Lack of participation in a program meant to address a shortfall of drivers entering the trucking industry is forcing regulators to adjust.
The Federal Motor Carrier Safety Administration (FMCSA) will be extending its Under 21 Military Commercial Drivers License (CDL) Pilot Program beyond the three-year period typically set by Congress for such projects, according to FMCSA Deputy Administrator Wiley Deck.
“We are struggling trying to get drivers into the program,” Deck acknowledged during a regulatory update Friday at the American Trucking Associations (ATA) Management Conference & Exhibition, held virtually this year due to the pandemic.
“We’ve engaged the National Guard, the Reserves, and have gone out to speak to large classes of drivers being trained at various training facilities around the country, but we just haven’t made any headway. While the study is supposed to run for three years, it will have to be extended just because we’re not getting the drivers that we need to get a good sampling of data that we need.”
The agency announced earlier this month that it wanted to expand the program to include a wider array of military service specialties that it said would make an additional 30,000 service members eligible for the pilot, which began last year and initially sought to enroll at least 200 drivers. Deck said there were currently 42 trucking companies enrolled.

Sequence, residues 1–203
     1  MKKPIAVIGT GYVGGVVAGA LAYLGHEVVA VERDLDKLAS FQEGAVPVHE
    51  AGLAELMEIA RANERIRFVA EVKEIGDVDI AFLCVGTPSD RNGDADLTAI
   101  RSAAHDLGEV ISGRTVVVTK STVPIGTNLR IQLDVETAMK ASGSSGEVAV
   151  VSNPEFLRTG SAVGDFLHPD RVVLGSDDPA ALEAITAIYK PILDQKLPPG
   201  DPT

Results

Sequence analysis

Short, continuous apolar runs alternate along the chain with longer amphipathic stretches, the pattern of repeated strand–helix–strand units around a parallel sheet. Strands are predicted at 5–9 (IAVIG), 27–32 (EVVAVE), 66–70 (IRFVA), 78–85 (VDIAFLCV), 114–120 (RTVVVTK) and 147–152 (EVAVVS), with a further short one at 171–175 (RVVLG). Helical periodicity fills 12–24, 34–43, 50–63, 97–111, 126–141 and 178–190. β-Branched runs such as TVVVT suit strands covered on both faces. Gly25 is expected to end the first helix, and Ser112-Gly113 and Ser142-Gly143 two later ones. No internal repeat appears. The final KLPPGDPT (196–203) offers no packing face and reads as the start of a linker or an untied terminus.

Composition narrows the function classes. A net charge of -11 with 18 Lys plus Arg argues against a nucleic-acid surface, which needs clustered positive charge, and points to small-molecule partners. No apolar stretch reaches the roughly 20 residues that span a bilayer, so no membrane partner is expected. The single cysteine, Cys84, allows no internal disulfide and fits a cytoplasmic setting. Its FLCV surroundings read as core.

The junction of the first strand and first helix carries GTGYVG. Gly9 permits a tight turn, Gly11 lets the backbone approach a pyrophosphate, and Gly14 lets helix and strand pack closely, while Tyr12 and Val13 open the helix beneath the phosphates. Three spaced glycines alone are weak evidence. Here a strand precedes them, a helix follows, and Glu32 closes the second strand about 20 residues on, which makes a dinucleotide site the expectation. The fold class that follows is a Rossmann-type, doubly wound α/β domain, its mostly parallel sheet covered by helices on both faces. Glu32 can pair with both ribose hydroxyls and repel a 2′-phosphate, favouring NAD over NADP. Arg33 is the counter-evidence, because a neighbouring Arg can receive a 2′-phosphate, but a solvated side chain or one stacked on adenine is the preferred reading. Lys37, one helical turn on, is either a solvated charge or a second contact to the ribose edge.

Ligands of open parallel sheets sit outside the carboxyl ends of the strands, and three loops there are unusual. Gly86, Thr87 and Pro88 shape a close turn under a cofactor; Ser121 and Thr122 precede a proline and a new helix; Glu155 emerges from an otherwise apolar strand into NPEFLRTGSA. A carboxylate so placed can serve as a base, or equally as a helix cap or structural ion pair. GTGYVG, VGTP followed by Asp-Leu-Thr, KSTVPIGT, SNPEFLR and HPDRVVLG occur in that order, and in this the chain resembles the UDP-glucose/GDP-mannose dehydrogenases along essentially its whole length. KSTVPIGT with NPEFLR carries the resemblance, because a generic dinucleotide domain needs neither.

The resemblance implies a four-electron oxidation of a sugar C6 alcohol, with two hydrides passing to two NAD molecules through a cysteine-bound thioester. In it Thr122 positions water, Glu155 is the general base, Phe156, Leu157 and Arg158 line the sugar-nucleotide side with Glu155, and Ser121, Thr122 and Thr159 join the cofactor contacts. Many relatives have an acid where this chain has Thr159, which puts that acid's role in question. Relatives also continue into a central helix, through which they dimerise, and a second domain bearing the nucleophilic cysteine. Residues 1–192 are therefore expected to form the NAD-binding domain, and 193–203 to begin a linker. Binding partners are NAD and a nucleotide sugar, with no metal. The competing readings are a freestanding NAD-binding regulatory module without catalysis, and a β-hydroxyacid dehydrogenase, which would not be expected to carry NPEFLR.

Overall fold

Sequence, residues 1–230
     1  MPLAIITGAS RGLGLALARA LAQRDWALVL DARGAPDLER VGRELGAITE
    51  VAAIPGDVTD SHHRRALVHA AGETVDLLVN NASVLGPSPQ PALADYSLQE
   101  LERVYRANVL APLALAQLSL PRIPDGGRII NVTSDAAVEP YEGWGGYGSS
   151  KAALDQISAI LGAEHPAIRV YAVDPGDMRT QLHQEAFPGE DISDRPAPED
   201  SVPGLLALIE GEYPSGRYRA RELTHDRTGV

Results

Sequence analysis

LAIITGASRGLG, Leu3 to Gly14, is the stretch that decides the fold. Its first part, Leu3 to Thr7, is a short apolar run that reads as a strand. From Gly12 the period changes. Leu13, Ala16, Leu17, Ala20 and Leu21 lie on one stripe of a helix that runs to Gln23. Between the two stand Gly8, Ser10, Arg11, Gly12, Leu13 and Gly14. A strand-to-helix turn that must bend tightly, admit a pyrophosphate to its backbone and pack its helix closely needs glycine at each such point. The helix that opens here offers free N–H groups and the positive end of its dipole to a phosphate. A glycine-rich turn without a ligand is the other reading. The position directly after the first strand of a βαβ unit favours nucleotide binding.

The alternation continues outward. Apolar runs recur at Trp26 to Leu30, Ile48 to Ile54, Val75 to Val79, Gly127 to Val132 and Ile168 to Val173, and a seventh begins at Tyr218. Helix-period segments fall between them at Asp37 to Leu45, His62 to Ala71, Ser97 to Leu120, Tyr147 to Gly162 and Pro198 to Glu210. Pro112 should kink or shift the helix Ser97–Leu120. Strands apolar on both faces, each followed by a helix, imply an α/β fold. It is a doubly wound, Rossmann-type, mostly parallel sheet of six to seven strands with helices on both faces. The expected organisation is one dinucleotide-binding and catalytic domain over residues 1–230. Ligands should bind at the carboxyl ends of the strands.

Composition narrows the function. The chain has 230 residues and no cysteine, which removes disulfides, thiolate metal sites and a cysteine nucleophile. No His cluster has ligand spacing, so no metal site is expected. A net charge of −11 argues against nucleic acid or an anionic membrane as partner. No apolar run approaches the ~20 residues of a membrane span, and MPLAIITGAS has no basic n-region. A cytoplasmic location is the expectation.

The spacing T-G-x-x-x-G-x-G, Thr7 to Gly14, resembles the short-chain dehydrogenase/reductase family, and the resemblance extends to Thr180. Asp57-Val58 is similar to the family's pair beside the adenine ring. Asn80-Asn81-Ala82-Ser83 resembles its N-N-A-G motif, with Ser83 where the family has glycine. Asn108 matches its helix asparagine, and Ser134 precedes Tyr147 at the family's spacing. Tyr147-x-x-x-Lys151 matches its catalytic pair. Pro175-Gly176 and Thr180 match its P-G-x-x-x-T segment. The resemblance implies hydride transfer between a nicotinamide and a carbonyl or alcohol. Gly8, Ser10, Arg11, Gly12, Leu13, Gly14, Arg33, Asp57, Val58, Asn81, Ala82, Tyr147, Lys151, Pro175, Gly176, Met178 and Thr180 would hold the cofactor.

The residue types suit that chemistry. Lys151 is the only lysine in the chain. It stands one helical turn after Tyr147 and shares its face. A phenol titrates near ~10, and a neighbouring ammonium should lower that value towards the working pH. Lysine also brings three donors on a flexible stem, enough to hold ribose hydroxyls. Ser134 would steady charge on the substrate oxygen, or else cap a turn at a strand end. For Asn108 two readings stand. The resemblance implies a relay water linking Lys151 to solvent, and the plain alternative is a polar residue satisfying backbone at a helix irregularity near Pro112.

The FMCSA and the ATA have deemed the under-21 pilot projects — the agency is considering a nonmilitary, under-21 pilot as well — crucial to expanding the pool of available, qualified drivers.
“Nobody is collecting data on the under-21 drivers that are operating intrastate,” Deck said. “FMCSA is the only entity in the U.S. that can do this type of research because we are the only ones that have the authority to waive the necessary regulations.”
Deck provided updates on a number of other rulemakings and petitions, all of which are either currently under review within FMCSA or DOT, or at the Office of Management and Budget. They include broker transparency, changes to regulations to address automated driving systems, and using hair to test drivers for drugs.
Deck also updated the industry on two safety issues highlighted in a report published Friday by the U.S. Department of Transportation’s Office of Inspector General: truck crashes and trucking company safety scores.
A Large Truck Crash Causal Factor Study, being conducted with the National Highway Traffic Safety Administration, will bring updated factors such as drivers distracted by cell phones into crash assessments, he said. “The purpose of the study is to expand on knowledge we learned 17 years ago,” he said. While data collection is expected to continue into 2021, Deck also noted that the study, which is estimated to cost $30 million, is contingent on federal funding.
With regard to assessing a new scoring system within FMCSA’s Compliance, Safety, Accountability (CSA) program, “we are making headway. We’re in final review of IRT [Item Response Theory] and how it can help improve our system of monitoring those high-risk carriers,” Deck said.
“It’s a challenging system, and the challenging part for the agency is to explain how we derive our numbers. IRT makes this a lot more challenging. We hope to make an announcement in the near future on the path forward we’re going to take.”
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